Online sales might be growing, but in-store sales are still solid. According to a 2016 Pew Research Center study, 64% of U.S. shoppers prefer to make purchases in actual stores if all things are equal, namely price. (65% of respondents said they compare online prices with in-store prices and choose the least expensive.)


Now it’s a couple years later, and you might expect fewer shoppers to visit and purchase in stores, opting to buy online. Nope. Deloitte reported that 90% of global retail sales occur in physical stores.


[Tweet “Deloitte reported that 90% of global retail sales occur in physical stores.”]


What is the draw of the store?


Consumers like to be able to ask questions and try products. They still appreciate the in-store experience.


True, stores are closing, but brick-and-mortar stores are still a part of the customer’s journey, and according to Deloitte, to compete with the “the convenience and endless aisle assortment offered online” (and presumably competing brick-and-mortar stores) retailers must create “meaningful customer experiences and brand engagement.”


One example of this is Timberland. In Sheena Butler-Young’s article on Footwear News, she quotes Kate Kibler, VP of Marketing for Timberland.


“You hear a lot about the retail apocalypse — and yes, there are retailers that are going away — but this is to leave space for new and inventive retailers to come along and give experience to consumers.” -Kate Kibler, VP of Marketing, Timberland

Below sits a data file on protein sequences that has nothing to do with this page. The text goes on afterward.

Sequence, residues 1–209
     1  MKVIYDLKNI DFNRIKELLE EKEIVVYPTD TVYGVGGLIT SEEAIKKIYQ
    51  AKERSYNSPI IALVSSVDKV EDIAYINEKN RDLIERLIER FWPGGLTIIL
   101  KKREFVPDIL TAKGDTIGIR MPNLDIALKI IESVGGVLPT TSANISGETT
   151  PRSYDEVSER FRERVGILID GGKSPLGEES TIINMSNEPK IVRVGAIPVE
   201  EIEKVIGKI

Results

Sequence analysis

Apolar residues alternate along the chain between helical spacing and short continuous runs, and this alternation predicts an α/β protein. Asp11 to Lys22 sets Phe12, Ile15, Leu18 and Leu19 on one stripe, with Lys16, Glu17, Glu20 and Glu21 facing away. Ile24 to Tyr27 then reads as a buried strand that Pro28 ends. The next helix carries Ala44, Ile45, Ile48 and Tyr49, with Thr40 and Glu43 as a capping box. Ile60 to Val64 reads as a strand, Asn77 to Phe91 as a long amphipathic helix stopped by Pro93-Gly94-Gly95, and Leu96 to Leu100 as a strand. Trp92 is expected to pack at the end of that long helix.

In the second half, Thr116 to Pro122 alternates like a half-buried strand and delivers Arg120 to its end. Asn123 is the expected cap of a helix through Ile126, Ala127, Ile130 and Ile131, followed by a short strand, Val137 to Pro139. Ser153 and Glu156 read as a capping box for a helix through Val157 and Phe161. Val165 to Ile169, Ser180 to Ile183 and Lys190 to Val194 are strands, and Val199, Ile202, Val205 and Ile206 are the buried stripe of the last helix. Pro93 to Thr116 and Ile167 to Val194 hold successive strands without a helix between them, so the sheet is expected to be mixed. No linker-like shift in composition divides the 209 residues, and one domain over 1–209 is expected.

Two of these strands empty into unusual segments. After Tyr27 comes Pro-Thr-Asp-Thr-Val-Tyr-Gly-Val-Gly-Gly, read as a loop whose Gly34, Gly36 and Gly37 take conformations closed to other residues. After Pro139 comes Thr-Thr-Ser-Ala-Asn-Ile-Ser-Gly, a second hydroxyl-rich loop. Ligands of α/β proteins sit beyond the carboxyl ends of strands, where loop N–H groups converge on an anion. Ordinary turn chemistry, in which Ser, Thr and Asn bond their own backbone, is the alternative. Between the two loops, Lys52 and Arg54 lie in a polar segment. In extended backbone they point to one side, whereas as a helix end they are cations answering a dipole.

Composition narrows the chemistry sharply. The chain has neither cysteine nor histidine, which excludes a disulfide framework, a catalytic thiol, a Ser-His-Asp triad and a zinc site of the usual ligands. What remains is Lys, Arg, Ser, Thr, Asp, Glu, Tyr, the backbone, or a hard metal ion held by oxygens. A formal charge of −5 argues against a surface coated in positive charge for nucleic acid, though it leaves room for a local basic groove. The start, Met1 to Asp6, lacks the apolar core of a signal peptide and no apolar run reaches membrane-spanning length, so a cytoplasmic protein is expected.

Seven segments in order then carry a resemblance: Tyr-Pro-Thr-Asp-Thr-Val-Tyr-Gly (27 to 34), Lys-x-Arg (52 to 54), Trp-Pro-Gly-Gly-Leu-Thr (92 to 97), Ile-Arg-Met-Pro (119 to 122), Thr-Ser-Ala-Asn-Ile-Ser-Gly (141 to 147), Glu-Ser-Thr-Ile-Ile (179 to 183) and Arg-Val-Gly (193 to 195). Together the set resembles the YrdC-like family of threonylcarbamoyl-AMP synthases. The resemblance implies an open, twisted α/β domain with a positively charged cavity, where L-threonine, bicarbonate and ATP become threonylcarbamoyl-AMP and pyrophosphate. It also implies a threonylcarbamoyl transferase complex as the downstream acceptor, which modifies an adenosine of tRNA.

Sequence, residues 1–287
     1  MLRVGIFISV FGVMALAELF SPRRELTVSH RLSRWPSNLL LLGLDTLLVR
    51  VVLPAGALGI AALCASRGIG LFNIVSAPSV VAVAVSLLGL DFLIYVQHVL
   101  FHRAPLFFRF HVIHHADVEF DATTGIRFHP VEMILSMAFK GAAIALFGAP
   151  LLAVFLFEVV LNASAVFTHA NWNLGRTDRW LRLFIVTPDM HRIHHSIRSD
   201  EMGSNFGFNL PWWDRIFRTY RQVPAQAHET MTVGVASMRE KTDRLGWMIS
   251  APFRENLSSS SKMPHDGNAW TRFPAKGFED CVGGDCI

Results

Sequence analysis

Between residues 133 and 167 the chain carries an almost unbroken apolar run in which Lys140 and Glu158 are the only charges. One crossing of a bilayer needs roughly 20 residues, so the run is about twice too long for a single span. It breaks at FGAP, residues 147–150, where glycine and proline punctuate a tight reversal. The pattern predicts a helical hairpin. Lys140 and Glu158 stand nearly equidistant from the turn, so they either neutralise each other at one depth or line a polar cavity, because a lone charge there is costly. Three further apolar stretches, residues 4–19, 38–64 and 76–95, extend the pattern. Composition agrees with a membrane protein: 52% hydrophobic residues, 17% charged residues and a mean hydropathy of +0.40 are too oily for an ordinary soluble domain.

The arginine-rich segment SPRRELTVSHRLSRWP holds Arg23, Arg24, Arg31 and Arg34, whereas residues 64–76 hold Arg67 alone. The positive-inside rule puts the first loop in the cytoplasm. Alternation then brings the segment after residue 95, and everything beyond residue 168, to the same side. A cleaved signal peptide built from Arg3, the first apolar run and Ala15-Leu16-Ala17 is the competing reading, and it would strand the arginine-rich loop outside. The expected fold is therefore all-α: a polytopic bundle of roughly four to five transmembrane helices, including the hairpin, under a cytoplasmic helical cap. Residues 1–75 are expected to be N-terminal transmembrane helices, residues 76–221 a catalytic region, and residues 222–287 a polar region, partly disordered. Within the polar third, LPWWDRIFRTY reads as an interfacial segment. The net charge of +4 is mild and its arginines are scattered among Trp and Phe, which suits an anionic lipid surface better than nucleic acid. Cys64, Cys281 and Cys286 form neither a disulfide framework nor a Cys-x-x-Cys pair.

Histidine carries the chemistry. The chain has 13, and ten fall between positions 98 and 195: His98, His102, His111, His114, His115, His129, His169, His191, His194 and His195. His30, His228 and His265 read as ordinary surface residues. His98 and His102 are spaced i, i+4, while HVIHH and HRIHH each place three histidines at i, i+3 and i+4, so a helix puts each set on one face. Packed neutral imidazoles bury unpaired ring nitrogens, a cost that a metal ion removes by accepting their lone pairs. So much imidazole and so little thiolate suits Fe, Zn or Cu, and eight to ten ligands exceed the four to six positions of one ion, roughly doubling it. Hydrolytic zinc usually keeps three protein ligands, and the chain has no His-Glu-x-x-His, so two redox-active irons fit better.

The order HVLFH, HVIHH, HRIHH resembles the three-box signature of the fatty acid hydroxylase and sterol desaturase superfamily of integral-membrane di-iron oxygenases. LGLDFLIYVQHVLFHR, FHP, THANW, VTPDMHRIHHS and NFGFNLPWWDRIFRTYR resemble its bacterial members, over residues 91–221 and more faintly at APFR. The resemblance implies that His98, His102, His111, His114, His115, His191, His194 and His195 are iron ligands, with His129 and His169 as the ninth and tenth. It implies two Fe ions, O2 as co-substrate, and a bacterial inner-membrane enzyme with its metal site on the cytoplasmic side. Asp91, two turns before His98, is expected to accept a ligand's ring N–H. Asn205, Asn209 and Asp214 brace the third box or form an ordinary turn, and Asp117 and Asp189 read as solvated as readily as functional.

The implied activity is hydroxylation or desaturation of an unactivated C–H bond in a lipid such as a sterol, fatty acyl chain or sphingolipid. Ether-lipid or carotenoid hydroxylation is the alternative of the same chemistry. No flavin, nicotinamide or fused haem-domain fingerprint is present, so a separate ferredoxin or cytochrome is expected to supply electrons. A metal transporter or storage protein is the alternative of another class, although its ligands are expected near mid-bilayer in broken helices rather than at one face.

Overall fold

Oversized in-store displays are a way to achieve this.


That leads us back to our shopping center in France and their experiment.


Giant Benches, Shopping Carts, And Boots


Lilian Bourgeat is an artist who amplifies everyday objects by recreating them in enormous dimensions. Things like a massive tape measure, a supersized safety cone, and a giant picnic table with wine glasses to match.


In 2018, he brought his large art to the Polygone Riviera Shopping Center located in Alpes-Maritimes, France. The displays included an enormous run-of-the-mill bench, a gigantic shopping cart and wheelbarrow, a pair of XXXXXXXXXL boots, and more.